Unleash the Full Potential of Your Website with Superior Accessibility

Admir Mehanovic, CEO @ penzle.com

Admir Mehanovic

CEO @ Penzle
a computer screen with a person standing on it

In the previous blog post, I discussed accessibility rules for successful software. We realized that around 20% of the population has some sort of disability and companies who continue to ignore accessibility are already losing customers and will end up losing even more in the coming years. Now, when we have knowledge of WCAG guidelines it’s time to see how we can apply those rules to our digital product.

Clean markup

The clean HTML structure is what every developer must follow to make page complied with multiple browsers and devices. We need to make sure that we don't have duplicated IDs, HTML tags that are not closed, and so on. Our page structure has two major meanings.

  1. Our document page in the development sense. How the page itself is structured, the frame or architecture. This is machine-readable code which is important for assistive technologies like screen readers.
  2. Our document page related to the information architecture of the page. Our document must be human-readable and keep order that makes sense for end-user. We should consider that assistive technologies don't see information in human-readable form. One part of this are "landmarks". Landmarks are sectioning containers, standard ways of designating sections for your page. These are HTML5 elements like header, main, footer, etc.

Page navigation

The way you navigate through the content of a single web page and find what you're looking for sighted users is very important. Designing a clear hierarchy and visual design of the page is what does most of the work, as well as the position and layout of navigation menu. The main content is usually a large section with large text near the center top of the page.

Graphical user interface representing clear visual hierarchy.

Image: Define clear visual hierarchy

Screen readers don't see the page like sighted users. Screen readers see the page in form of accessibility tree. Navigating with a screen reader can be very frustrating even with a very simple page. Without a clear structure, you may see the main content first or navigation may be rendered as a simple link. Some elements can be almost impossible to find.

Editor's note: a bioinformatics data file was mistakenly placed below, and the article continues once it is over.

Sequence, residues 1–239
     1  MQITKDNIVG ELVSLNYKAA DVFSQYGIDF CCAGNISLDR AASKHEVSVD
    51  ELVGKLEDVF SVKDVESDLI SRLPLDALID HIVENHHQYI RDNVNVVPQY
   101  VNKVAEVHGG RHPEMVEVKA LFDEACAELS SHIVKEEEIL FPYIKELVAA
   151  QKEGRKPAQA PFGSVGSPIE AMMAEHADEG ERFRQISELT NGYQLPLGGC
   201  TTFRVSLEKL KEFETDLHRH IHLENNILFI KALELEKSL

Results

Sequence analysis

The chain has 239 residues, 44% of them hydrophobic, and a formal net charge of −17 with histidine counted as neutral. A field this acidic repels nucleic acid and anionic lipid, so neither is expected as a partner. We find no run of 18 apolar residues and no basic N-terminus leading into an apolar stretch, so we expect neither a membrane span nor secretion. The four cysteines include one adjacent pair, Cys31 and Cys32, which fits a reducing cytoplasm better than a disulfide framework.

Defining landmark roles navigation for screen readers can be simplified and solved. For example:

<div role="main">
   <h1>Full-Scale Digital Development Solutions</h1>

With landmark roles on the screen reader, there is no need for manual walk through each element. We can get to the desired section by using landmarks tool:

Landmark roles on the screen reader.

Selecting main element reads:

graphical user interface, application

With landmark roles, we increase user experience. They assign meaning to certain places on your page. Screen readers can use that meaning to navigate your page. They can get to the main content, navigation, articles, and so on. Primary landmark roles:

  • Main
  • Banner
  • Article
  • Region
  • Complementary
  • Form
  • Navigation
  • Content info
  • Search

If you want to have a clean HTML structure and avoid landmark roles you can use semantic section elements. It means that the meaning is included in the element and landmark roles are built in. Now our HTML can be simplified with the same meaning but just less code.

<div role="main">....</div>
<main>...</main >

OR <div role="navigation">....</div> <nav>...</nav>

In the following table you can see major semantic elements.

Element Meaning
<main> Main content on the page.
<section> Major sections of the page.
<nav> Links to navigate.
<aside> Complementary to the main content.

For more information, explore the W3C ARIA Landmarks Example.

DIV vs Section

​Main difference between divs and sections is that divs don't convey meaning, but they are useful for generic grouping of elements. The section element is for sections, which make sense to your visitors.